The history of human settlement has mostly been rural with low-density settlements. However, this feature has been changing rapidly, and our world is getting increasingly urbanized. Globally, it is expected that the population of “megacities”, or cities that house more than 10 mn people, will increase from 33 in 2018 to 43 in 2030. And, by 2030, it is projected that cities with at least 1 mn inhabitants will house 28% of the 10 bn plus global population.
Smart cities using IoT are using analytics and data from sensors to design better civic amenities and deliver better standards of living and cost-effective public services. With the rise in population in cities and the corresponding increased stressors on the natural and civic resources, civic administrators are coming up with interesting ways to utilize their data, IT infrastructure and using IoT applications in smart cities to deploy advanced models that will help them solve the challenges of urban planning efficiently and effectively.
28 percent of people worldwide will be concentrated in cities with at least 1 million inhabitants. Smart cities leveraging technological advances to deliver a superior quality of living to the residents have, therefore become a critical public policy planning element.
With the rise in the global population, it has become imperative for governments to design a sustainable and environmentally-friendly future, to ensure the well-being of the people and curtail global warming. Major global cities have pledged to adopt sustainable practices and ensure significant cut-downs along critical dimensions and support the UN Sustainable Development Goals progress.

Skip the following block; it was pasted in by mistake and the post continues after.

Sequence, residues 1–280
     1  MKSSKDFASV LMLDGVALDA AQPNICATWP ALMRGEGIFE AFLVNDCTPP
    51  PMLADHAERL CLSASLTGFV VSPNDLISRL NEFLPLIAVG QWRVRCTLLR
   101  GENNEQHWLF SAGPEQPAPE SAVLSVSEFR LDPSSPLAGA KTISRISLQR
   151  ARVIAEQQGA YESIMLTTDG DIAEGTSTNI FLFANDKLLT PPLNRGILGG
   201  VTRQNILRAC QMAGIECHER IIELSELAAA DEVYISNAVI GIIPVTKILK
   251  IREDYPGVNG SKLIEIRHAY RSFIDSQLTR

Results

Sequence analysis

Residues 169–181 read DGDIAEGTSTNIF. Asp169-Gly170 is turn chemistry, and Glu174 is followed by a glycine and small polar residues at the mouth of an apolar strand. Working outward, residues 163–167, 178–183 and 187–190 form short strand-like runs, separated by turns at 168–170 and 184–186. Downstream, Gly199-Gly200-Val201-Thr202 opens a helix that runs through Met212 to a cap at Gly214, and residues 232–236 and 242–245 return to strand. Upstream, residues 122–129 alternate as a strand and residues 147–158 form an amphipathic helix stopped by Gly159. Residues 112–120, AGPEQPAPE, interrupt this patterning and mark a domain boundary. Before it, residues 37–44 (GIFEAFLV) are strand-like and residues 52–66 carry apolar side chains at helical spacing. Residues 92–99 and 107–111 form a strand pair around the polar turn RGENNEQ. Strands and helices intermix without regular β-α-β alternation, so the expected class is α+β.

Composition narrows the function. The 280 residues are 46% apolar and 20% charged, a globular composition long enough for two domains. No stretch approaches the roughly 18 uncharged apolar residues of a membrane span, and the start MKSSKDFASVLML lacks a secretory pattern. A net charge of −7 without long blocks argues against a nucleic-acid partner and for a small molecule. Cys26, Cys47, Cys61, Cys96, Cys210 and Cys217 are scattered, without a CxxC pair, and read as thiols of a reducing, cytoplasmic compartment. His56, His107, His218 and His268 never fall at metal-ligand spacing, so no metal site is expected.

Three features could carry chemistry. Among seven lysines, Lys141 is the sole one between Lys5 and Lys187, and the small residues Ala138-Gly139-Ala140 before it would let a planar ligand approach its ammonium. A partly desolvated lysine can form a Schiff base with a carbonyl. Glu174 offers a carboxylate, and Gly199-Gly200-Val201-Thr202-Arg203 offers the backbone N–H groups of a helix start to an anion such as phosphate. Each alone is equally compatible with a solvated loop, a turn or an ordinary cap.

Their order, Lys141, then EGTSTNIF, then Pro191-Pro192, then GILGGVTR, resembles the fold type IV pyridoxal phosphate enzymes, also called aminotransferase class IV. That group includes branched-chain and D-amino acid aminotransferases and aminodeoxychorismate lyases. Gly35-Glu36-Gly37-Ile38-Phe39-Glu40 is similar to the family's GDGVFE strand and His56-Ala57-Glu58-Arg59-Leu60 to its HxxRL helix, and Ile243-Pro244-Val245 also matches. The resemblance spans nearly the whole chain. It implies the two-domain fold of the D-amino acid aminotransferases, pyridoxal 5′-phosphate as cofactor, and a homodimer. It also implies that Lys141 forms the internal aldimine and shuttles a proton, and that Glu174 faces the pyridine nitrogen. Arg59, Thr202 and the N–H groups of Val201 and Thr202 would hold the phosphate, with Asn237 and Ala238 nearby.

For example, the WWF has collaborated with several global cities to ensure No Plastic by 2030. It has encouraged these cities to design active pilots and come up with actionable plans to meet the goals by engaging all stakeholders – government, businesses, and the public. Technology is helping provide a common platform for sharing knowledge and ideas so that the stakeholders have access to useful information.
IoT Data Analytics: The Key To Designing Environmentally Sustainable Smart Cities
Analytics and Internet of Things are emerging as a pivotal technology that can help governments reach success milestones.
There are many applications of IoT in smart cities, but these are dependent on collecting the necessary data from sensors, IoT and other available technologies. After collecting data, there needs to be the necessary infrastructure in place to process it, store it and manage it.
This can be costly, depending upon the use cases desired by the smart city infrastructure, hence the cities must judiciously allocate resources and optimize the investments. Analytics in sustainable development can utilize the features to deliver a superior and sustainable working model to address the growing population, while adhering to the UN SDGs